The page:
We headed down to the river (La Garonne) to watch the sun set and to look at the famous bridges, of which only one is pictured. The sunset was really quite beautiful, though of course not a match for an Arizona sunset. Across the river we could see the famed dome of the hospital and the remnants of the original bridge.

La Garonne and the dome of the hospital across
We wandered more around town to see more of the Christmas lights. Combined with the inherent cute factor of the city, everything seemed very whimsical.

Christmas lights in the street
We had been so enchanted on the first day by the river we headed back there to get more pictures another night, which turned out a lovely deep purple.

La Garonne and the hospital dome later in the evening
On our last day we went to the Museé des Augustines and looked at the beautiful church. I especially loved the inclusion of color in the ceiling, which I haven’t seen before in churches of this style.

Musée des Augustines
There were also, of course, stained-glass windows.

There is also a garden that’s part of the museum, which we weren’t sure if we were going to enter due to the 2 euro entry. It’s not that expensive, but we are always looking for ways to save! However, the lady told us it’s free for students, so we showed her ID and got to enter the beautiful center garden.

Gardens inside the Musée des Augustines
I love Snapchat’s geofilters, which show up with different options depending on where you travel. The Place du Capitole (Capitol Plaza) had quite a few different options, and I had fun finding my favorite! My phone is always on airplane mode when I’m using it as a camera, but I’m trying to remember to look for the Snapchat filters when I go somewhere new.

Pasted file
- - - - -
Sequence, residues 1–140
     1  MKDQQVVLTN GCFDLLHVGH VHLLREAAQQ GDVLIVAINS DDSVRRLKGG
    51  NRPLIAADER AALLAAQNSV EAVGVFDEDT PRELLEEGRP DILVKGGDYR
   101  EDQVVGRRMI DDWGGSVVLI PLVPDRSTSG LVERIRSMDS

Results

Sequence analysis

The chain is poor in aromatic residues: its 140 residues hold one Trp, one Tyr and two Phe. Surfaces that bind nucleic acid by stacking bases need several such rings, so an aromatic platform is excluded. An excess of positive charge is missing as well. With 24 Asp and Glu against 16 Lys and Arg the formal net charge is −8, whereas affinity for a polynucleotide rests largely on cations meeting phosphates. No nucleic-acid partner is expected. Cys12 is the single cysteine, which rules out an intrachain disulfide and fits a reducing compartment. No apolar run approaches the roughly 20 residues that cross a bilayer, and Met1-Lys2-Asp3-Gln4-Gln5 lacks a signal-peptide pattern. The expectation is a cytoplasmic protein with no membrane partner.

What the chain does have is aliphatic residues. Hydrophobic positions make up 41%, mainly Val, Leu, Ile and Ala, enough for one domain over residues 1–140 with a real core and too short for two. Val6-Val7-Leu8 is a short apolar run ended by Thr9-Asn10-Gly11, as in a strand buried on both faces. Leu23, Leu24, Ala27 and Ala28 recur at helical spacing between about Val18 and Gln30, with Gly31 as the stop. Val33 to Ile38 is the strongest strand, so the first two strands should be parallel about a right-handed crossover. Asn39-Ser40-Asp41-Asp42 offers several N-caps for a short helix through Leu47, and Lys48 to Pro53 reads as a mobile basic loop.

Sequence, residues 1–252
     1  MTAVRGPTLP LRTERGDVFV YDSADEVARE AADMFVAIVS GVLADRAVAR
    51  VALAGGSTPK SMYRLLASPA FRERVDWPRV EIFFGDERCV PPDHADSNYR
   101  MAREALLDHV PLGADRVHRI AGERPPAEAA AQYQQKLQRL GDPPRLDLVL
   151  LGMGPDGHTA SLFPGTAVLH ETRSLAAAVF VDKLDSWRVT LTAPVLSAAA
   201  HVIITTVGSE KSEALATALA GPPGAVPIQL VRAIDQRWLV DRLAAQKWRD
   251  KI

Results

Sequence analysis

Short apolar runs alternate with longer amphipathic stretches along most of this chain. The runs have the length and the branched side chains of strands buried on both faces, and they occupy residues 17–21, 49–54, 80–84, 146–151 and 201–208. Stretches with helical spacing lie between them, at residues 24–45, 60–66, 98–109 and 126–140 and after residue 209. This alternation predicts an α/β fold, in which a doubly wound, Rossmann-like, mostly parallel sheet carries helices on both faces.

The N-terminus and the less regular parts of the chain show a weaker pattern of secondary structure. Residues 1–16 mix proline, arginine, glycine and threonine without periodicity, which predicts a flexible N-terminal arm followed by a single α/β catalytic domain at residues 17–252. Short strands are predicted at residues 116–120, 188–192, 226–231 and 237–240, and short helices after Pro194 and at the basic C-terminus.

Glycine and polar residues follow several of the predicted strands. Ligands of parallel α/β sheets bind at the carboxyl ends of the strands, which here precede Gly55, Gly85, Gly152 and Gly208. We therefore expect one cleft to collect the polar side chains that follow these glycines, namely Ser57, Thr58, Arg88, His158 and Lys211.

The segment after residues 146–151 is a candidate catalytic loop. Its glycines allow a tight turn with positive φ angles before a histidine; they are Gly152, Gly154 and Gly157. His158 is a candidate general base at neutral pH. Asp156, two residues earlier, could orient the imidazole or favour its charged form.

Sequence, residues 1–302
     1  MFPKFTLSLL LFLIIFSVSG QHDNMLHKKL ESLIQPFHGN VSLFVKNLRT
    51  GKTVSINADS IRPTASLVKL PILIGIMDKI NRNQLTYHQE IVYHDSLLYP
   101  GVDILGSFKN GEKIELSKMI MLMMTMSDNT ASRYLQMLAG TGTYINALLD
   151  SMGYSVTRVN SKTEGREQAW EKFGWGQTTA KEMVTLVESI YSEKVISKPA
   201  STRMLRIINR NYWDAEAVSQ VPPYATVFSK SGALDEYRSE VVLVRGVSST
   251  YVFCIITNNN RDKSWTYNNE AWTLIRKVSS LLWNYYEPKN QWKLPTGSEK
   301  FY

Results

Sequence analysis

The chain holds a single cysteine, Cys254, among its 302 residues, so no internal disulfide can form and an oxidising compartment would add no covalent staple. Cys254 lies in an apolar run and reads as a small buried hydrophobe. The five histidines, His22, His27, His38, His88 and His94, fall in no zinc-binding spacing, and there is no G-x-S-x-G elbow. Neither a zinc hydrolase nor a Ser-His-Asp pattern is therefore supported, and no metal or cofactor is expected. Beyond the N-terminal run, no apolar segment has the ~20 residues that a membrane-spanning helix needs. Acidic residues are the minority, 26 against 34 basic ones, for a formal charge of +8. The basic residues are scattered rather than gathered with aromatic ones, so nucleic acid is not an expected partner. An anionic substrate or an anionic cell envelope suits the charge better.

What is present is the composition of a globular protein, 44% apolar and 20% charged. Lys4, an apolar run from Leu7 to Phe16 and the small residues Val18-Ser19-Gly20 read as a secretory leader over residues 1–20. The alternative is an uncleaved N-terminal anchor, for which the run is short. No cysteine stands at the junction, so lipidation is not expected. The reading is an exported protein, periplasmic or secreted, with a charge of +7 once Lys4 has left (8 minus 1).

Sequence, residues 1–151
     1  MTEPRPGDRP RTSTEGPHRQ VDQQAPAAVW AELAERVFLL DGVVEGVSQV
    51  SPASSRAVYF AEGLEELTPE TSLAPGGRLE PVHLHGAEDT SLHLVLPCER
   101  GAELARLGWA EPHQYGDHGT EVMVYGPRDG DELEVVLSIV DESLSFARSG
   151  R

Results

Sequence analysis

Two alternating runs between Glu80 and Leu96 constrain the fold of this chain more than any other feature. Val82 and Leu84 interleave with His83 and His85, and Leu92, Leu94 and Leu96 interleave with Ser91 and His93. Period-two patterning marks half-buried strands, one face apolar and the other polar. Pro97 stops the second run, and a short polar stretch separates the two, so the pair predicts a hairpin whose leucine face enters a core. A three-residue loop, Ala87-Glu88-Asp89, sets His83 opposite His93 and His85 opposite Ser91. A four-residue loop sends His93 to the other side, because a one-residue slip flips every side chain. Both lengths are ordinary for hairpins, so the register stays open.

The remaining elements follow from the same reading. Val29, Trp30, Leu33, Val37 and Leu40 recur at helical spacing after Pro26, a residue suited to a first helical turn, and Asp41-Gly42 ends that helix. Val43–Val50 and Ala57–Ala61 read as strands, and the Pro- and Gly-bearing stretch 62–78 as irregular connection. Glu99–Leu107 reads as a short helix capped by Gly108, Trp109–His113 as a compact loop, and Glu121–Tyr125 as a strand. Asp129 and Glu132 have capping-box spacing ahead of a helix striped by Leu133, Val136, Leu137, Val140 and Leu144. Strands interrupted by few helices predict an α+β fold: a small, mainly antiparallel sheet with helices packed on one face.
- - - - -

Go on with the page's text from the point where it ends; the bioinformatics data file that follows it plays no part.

Christmas Market in the Place Capital and one of the many Snapchat location filters for the site
Like I said before, we ate very well in France. I tried some new things (some of which I liked, some of which I did not) but we had a few tart/cake desserts that were delicious.

Moelleux Natural at Flower’s Cafe
I’ve gotten accustomed to Spain’s cheeeeap cost of food, and usually only go out to pretty cheap places, so it was a little more expensive to eat out in France. However, it really wasn’t too overpriced, the food was delicious, and we’d eat such a big lunch we wouldn’t really be hungry for a full dinner. Some of the restaurants we went to that I’d recommend are The Winter City , Perlette and Restaurant Le May. We tried to eat lunch at the latter one day and it was so packed we couldn’t get in. Instead, we made a lunch reservation for the following day, though you have to do this in person at the restaurant. Toulouse also had a variety of tea houses, where we would have the delicious desserts we tried. I’d recommend O Thé Divin and Flower’s Cafe.

As I’ve never studied French, it was difficult to get around Toulouse. While in Paris, two of my friends had taken French and I used my Spanish when we’d have a difficulty. However, in Toulouse, my one French-speaking friend had to do all of the talking. I heard a lot of people speaking Spanish on the streets, but I was surprised at how few shopkeepers understood Spanish. I don’t expect people to speak English, but given the adjacency of France to Spain and how many Spaniards were visiting, I expected my Spanish to get me farther. It was pretty isolating not being able to verbally communicate with anyone except my English-speaking friends for three days, and I was so happy to hear a snippet of Spanish here and there and understand. I was happy to arrive back in Madrid and be able to understand and reply to somebody speaking with me, rather than the totally blank looks I’d had to give some people in Toulouse. Don’t let this sway you from visiting though! We had an excellent time eating our way through the city– just be sure you or one of your travel companions can speak the language!